Arctic genes enhancing superbugs’ resistance to antibiotics discovered
Scientists working in the Arctic have discovered DNA samples that contain genes linked with the resistance of so-called superbugs to antibiotics with multiple curative properties, according to a research paper published in the Environment International journal.
According to the newspaper, The Guardian, these genes were first discovered inside bacteria singled out from an Indian patient in 2007-2008 and later inside bacteria inhabiting surface waters in New Delhi in 2010. Today, their presence has been confirmed inside DNA samples obtained from the soils of the polar Svalbard (Spitsbergen) Archipelago.
During the research, scientists removed DNA tissues from 40 soil samples in eight locations in the Svalbard (Spitsbergen) Archipelago. They discovered a total of 131 genes that make the bacteria immune to various antibiotics. At the same time, the blaNDM-1 gene that helps microbes withstand virtually all carbapenems, used at hospitals, was present in over 60 percent of studied soil samples.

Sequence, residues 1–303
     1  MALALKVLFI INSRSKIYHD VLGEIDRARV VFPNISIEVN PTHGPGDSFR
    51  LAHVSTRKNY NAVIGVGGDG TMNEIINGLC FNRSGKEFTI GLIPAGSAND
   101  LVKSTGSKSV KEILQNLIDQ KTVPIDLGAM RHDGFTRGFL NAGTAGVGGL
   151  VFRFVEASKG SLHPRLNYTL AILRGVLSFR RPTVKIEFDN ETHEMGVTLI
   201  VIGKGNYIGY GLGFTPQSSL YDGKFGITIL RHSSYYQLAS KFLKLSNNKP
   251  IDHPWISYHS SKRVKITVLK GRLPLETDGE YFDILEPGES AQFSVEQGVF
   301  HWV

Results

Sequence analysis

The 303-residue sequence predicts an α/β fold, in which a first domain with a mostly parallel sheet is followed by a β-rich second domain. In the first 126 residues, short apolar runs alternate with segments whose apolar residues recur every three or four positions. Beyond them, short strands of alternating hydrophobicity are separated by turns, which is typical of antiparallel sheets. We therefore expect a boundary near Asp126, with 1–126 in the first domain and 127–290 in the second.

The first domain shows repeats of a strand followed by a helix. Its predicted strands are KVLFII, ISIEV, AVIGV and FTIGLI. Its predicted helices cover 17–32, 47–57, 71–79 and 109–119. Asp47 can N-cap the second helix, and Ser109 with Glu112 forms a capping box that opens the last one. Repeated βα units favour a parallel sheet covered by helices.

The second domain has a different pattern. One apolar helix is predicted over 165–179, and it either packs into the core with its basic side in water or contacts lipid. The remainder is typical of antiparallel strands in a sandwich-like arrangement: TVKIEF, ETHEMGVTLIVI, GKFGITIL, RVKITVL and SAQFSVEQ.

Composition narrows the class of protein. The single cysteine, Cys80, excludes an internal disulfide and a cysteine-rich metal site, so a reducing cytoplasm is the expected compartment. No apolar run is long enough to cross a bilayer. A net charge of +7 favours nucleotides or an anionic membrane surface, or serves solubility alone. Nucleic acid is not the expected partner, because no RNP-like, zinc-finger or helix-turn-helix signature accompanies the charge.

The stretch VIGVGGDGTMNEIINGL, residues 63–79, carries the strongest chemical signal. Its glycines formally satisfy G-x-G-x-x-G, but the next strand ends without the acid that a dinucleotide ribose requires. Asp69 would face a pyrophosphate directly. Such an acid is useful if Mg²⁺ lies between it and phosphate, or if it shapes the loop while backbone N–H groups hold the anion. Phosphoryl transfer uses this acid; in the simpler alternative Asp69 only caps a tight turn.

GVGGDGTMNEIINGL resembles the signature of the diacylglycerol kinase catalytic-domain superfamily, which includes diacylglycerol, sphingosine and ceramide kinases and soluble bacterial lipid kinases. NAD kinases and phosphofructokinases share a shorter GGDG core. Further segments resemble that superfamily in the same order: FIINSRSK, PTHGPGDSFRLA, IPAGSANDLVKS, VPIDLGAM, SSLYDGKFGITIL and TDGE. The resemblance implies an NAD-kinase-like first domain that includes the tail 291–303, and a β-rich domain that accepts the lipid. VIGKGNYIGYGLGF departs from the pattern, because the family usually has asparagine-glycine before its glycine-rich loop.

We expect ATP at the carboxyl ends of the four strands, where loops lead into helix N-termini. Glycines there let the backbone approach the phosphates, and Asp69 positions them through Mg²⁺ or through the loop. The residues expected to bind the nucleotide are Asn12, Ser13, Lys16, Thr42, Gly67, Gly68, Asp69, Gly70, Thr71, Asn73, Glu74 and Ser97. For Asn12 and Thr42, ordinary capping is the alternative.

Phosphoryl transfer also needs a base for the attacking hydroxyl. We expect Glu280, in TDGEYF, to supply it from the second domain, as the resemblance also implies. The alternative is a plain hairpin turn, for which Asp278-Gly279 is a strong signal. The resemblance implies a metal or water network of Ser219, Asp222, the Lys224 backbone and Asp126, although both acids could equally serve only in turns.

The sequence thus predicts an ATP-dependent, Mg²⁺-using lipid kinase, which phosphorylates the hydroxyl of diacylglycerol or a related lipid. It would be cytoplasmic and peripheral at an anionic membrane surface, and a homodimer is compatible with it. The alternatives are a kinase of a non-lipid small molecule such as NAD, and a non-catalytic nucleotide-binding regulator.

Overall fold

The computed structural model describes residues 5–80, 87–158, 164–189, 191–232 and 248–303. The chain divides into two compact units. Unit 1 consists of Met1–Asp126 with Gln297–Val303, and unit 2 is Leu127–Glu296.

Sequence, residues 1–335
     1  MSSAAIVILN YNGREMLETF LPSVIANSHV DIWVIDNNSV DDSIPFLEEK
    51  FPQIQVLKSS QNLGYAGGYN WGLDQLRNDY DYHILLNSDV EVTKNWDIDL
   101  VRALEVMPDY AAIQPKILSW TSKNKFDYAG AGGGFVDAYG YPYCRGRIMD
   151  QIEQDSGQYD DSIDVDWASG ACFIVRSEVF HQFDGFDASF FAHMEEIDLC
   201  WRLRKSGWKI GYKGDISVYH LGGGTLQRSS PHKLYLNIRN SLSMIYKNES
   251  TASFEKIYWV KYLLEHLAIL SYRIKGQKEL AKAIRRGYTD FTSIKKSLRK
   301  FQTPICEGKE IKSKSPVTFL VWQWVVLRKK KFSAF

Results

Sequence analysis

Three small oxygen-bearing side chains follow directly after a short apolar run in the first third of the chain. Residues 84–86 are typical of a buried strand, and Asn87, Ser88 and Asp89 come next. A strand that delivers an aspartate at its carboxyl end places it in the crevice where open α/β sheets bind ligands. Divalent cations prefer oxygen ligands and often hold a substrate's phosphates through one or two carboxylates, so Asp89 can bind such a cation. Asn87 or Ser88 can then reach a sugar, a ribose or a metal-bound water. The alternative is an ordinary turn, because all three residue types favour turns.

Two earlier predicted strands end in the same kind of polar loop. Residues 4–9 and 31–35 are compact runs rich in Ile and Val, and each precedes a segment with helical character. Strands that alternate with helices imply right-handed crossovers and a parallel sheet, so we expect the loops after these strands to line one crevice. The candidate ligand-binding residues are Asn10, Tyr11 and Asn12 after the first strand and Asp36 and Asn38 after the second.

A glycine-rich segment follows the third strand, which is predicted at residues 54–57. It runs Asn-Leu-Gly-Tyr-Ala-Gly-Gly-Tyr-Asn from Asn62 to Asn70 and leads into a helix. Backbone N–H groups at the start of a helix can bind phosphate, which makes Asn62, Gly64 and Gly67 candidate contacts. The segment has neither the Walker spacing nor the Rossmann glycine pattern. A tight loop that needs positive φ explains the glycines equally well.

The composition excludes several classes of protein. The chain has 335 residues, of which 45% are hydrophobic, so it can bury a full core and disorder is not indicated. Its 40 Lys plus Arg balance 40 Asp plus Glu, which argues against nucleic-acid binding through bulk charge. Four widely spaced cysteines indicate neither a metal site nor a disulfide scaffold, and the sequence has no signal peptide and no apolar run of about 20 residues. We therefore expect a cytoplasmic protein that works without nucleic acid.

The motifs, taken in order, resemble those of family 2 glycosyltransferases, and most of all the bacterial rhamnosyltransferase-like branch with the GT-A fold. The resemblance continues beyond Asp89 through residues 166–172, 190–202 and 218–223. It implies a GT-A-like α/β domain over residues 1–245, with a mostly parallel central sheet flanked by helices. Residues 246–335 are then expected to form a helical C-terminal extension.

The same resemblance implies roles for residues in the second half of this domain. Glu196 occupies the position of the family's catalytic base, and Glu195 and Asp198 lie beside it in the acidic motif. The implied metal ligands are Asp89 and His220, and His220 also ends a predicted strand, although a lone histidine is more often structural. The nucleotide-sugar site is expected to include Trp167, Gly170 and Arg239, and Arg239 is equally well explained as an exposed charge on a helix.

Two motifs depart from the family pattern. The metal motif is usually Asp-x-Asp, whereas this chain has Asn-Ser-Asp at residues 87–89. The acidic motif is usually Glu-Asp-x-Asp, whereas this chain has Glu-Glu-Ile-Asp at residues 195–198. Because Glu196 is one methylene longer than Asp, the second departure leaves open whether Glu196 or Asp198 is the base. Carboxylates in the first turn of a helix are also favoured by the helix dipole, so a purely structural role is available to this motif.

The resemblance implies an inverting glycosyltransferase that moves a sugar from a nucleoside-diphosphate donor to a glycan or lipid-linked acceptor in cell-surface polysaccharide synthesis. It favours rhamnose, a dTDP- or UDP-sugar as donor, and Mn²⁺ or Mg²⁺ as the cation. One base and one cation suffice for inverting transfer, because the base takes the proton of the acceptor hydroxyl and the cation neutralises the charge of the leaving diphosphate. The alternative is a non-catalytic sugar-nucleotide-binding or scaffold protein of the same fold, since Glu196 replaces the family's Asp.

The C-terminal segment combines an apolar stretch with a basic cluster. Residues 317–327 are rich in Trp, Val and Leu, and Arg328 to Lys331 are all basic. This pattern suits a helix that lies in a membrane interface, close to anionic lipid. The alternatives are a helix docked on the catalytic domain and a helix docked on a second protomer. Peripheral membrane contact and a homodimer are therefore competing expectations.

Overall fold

David Graham, a professor at Newcastle University, who headed the research team, said the discovery highlighted the role of poor sanitation in facilitating resistance to antibiotics. According to the professor, "What humans have done through excess use of antibiotics is accelerate the rate of evolution, creating resistant strains that never existed before."
According to the paper, superbugs kill about 2,000 people in the United Kingdom annually.